The initial shutdown came after widespread outages across a pipeline system that carries gasoline from Texas to the Northeast, supplying around 45% of all gas to the region.
Immediate concern lay with the possible damage to computers that manage the network, leading to the immediate network shutdown. The pipeline remains offline as of Monday afternoon, with Colonial saying it aims to have operations back on line by the end of the week.
Experts say the severity depends on whether the ransomware made its way into the company’s operational technology, which interfaces with the pipeline itself. Colonial has not given any public indication as to how severe the hack has been.
Investigators initially suspected ransomware groups, which make malware that allows them to scrape data from a company’s server and hold it hostage for money, usually in digital currency.
By Sunday, reports had turned their attention to one such group called "DarkSide," but it was not until an FBI statement Monday that the group was fully confirmed by authorities as the prime suspect.
The White House has not said if Colonial has paid any ransom over the hacking, and government officials washed their hands of the decision.
White House press secretary Jen Psaki said Monday that Colonial has not asked for federal support and noted the company was working to bring the network back online.
"We recognize that victims face a difficult situation," Psaki told reporters. "They have to balance the cost-benefit. Colonial is a private company and their decision is up to them."
Psaki advised companies to "secure your systems."
President Biden said that while there is no evidence that Russia is involved in the attack, the malware appeared to originate from within Russia.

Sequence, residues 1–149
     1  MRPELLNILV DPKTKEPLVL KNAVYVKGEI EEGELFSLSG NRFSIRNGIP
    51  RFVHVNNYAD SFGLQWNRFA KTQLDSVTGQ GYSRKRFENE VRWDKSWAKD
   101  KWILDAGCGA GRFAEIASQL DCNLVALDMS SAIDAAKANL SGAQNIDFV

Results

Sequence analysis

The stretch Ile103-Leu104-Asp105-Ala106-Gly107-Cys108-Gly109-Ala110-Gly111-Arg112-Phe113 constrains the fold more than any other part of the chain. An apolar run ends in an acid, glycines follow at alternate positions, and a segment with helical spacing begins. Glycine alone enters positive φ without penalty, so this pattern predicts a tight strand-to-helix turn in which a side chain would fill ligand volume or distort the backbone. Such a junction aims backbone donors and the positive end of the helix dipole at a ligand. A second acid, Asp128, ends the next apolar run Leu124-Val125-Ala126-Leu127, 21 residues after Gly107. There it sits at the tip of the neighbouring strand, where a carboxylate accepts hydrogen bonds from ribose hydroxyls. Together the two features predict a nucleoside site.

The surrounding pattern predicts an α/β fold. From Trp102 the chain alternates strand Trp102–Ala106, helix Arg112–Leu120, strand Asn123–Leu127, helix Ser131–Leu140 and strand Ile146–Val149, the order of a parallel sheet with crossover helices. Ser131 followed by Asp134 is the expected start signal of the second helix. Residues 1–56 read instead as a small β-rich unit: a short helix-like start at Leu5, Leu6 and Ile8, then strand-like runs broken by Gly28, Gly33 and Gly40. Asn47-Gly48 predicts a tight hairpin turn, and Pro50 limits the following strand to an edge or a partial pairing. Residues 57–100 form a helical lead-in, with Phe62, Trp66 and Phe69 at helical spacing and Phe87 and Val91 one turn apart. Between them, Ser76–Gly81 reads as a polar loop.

DarkSide has notably not attacked companies based in Russia or any former Soviet Bloc nation. The FBI and Department of Justice will continue to investigate the attack.
The longer the network remains deactivated, the more experts and authorities worry that the price of gasoline may start to rise.
The American Automobile Association noted a six-cent price jump on the week to $2.96, and it expects similar or greater increases if the supply issue is not addressed.
"This shutdown will have implications on both gasoline supply and prices, but the impact will vary regionally," AAA spokesperson Jeanette McGee said in a statement. "Areas including Mississippi, Tennessee and the East Coast from Georgia into Delaware are most likely to experience limited fuel availability and price increases, as early as this week. These states may see prices increase 3 to 7 cents this week."
An increase of three more cents would make the national average the most expensive since November 2014, when average gas prices were $2.99 and higher.